Condo proposal in dispute
published : 20 Oct 2014 at 06:00
newspaper section: Business
writer: Kanana Katharangsiporn
Property management firms have voiced disagreement with the Legal Execution Department's proposed amendment allowing condo transfers before common area expenses are settled, a move aimed at addressing forced sales of condos.
Vivat Sricharoenwong, president of the Property Management Association of Thailand, said the amendment would add a new expense for prosecution or legal disputes to a condo's juristic person, the legally registered owner of the condo.
"If the department grants buyers of non-performing assets (NPAs) such as condos a unit transfer before the common area expenses are settled, the juristic person will have to sue the previous owner," Mr Vivat said.
He said this would add a new expense for co-owners of the condo project, as juristic persons in general had not set a budget for possible legal disputes.
The department last Friday met to discuss the amendment to regulations that do not allow condo transfers if the common area expenses for a unit are not settled.
Representatives from the Lands Department, the Lawyers Council of Thailand, the National Debtor Center of Thailand, banks and property management firms attended the meeting.
The Lands Department said condominium ownership could be transferred only if it was certified debt-free.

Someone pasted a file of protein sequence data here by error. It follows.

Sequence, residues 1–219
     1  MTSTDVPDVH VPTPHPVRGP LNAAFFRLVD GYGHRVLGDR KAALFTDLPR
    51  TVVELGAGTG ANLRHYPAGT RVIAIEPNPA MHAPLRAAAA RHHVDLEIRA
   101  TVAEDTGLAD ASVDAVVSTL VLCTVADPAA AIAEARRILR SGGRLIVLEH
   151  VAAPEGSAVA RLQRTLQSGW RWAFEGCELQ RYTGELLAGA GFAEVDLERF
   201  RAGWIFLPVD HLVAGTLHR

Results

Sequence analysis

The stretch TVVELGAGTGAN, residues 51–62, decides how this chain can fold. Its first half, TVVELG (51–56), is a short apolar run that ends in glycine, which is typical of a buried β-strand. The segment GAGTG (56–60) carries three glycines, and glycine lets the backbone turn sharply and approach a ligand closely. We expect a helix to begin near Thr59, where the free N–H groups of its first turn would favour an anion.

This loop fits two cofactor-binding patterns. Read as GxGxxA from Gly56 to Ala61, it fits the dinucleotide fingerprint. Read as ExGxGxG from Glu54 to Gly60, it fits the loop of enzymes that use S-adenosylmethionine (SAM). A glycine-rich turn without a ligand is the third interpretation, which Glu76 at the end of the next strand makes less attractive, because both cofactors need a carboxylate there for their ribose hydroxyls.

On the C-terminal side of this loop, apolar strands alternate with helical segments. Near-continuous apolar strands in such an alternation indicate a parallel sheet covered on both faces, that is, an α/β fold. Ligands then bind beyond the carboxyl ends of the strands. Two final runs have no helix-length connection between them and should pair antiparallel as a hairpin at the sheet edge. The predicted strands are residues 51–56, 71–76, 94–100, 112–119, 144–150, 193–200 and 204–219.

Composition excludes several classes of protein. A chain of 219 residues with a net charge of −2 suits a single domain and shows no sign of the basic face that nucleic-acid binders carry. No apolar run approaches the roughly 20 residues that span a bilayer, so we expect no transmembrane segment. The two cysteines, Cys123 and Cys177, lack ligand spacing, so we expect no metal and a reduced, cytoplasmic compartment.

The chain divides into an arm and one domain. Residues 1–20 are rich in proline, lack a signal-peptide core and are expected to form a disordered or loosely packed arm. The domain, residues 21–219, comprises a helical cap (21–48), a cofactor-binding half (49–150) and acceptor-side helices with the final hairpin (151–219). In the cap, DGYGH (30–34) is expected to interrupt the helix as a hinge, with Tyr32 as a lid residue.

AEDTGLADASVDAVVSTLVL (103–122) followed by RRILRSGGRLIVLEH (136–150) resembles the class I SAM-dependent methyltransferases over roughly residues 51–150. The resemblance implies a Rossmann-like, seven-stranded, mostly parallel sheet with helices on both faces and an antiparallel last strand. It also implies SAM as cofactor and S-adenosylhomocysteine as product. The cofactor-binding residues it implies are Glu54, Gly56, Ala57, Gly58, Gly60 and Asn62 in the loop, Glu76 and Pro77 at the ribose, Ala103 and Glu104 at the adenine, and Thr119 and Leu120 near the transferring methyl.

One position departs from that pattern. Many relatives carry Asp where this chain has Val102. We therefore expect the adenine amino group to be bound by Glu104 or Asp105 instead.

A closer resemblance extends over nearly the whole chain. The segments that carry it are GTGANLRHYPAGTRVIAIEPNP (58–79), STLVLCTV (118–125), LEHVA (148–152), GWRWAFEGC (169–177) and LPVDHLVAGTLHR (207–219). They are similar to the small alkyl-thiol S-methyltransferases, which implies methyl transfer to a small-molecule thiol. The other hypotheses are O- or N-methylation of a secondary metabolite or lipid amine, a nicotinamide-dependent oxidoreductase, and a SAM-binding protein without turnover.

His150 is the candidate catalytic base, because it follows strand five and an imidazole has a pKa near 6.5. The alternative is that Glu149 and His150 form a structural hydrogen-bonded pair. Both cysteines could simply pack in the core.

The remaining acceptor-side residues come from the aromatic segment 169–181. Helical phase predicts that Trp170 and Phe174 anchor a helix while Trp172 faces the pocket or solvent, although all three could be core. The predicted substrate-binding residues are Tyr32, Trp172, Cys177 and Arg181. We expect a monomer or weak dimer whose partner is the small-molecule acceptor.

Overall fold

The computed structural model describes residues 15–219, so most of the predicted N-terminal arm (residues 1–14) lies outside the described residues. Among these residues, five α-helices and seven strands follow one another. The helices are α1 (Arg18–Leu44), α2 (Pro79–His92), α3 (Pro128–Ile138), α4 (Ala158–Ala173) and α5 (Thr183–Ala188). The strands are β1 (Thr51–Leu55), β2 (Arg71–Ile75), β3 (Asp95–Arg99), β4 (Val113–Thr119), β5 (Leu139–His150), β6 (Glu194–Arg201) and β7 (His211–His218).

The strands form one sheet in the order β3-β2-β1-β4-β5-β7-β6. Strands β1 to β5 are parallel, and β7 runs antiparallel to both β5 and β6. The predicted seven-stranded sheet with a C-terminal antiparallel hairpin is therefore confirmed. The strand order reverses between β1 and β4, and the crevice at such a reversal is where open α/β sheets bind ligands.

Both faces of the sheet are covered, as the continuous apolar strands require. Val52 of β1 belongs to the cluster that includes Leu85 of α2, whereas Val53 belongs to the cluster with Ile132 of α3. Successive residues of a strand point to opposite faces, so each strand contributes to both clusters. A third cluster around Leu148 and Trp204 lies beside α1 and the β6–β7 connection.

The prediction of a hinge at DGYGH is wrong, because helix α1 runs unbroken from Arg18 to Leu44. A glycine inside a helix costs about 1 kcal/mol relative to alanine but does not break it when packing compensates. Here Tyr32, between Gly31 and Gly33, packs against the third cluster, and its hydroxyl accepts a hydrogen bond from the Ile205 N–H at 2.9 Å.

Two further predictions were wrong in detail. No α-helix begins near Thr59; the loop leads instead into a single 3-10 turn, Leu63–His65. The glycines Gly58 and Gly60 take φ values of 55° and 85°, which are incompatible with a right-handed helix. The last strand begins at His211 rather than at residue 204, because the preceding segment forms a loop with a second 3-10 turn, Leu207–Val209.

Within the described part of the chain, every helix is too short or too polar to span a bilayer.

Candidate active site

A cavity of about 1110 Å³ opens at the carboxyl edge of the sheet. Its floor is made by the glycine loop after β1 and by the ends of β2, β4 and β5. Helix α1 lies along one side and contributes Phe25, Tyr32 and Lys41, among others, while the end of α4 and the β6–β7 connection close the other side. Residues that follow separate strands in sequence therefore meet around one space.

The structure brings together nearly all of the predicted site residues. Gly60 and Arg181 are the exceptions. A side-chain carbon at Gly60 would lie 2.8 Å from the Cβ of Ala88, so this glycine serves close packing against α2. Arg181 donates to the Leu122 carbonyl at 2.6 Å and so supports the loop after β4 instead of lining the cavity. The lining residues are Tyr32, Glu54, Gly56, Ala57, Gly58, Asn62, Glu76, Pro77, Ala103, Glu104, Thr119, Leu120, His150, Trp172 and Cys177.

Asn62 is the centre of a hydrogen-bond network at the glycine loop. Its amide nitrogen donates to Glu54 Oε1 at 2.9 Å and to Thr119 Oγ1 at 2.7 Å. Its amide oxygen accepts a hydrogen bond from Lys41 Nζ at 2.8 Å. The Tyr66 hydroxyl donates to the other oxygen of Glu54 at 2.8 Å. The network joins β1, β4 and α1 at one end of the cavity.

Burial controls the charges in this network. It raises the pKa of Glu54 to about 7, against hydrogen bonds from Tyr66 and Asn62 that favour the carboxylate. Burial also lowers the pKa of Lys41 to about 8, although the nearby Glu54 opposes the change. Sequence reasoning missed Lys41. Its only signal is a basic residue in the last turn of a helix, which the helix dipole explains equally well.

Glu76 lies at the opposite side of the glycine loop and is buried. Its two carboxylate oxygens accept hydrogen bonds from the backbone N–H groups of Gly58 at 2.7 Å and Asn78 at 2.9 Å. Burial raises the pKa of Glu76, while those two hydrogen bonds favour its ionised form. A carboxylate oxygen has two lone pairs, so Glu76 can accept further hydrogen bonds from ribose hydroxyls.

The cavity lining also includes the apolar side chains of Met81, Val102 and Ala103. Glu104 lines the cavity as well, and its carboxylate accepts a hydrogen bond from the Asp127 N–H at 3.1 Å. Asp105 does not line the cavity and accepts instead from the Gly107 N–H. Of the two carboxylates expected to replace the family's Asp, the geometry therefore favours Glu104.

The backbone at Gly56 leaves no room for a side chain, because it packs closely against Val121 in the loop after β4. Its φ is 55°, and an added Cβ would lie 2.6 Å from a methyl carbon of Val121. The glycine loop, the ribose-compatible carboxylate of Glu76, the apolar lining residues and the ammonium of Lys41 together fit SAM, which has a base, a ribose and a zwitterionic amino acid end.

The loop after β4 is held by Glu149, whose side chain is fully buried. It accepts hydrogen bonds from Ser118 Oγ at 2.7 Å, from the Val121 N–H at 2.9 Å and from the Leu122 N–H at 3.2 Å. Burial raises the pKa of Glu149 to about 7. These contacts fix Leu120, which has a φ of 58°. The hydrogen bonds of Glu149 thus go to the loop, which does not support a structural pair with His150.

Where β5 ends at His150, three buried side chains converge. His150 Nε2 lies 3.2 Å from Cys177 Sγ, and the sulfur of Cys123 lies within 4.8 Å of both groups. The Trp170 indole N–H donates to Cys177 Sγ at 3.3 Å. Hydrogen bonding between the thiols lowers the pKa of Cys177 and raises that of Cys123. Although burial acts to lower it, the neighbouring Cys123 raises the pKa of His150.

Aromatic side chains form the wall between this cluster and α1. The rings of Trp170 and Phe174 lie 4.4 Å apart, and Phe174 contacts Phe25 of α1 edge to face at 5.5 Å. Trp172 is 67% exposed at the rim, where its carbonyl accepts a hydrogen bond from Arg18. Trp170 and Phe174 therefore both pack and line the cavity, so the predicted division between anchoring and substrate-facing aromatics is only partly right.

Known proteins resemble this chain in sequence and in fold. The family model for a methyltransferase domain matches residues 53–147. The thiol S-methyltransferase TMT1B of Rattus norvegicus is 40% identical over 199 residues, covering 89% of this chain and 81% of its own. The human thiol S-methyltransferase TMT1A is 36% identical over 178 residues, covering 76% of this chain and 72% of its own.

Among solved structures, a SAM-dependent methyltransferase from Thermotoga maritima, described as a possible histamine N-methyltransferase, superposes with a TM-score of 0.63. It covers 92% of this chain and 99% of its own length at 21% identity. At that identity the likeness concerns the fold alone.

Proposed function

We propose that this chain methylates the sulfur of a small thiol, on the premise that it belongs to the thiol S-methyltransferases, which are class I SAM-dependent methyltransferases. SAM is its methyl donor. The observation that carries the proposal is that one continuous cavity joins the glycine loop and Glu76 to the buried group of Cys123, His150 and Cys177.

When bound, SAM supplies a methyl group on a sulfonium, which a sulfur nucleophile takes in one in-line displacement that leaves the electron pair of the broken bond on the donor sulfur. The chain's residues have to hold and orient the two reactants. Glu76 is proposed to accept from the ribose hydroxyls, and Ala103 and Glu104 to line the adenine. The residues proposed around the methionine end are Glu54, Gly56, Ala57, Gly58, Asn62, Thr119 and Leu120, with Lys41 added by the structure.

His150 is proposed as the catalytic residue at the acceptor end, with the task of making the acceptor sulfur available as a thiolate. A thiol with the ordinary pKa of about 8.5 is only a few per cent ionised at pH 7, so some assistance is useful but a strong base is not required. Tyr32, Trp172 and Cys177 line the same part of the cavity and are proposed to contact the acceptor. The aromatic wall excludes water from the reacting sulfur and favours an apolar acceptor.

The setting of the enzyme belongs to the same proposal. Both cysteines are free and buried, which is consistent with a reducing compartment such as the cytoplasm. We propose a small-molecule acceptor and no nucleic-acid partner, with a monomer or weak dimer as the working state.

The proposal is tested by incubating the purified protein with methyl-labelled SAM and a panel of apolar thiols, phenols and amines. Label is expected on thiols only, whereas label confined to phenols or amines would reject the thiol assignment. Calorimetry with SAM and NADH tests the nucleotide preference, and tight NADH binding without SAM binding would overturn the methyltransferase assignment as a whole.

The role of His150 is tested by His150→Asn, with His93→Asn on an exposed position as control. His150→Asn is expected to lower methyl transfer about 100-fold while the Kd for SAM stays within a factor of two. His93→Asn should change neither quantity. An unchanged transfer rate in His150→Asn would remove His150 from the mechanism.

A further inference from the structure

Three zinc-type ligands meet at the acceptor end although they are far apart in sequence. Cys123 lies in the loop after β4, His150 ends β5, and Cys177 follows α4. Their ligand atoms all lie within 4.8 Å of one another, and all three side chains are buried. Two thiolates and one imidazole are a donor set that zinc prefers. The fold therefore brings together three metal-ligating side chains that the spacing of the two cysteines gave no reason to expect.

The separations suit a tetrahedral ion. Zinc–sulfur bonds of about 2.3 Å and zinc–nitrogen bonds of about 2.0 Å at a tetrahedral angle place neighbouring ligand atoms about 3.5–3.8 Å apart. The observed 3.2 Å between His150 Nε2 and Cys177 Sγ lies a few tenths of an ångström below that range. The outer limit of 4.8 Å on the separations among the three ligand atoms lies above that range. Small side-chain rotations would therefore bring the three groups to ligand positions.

Ruenvadee Suwanmongkol, director-general of the Legal Execution Department, said this made condo NPAs unattractive to buyers, who often refused to get a unit transfer if they learned of an additional expense to be paid.
"In many cases, unpaid common area expenses are higher than a condo's appraised price," she said, adding that such expenses were the debtor's responsibility, not the new owner's.
As of July, the department held 14,287 condo NPAs worth 62.2 billion baht. A large number of them are weighed down by high common area expenses, as these eventually rise when a condo cannot be sold.
At Friday's meeting, a representative from Bangkok Bank supported the department's plan to amend the law, saying the amendment should cover low-rise juristic persons as well.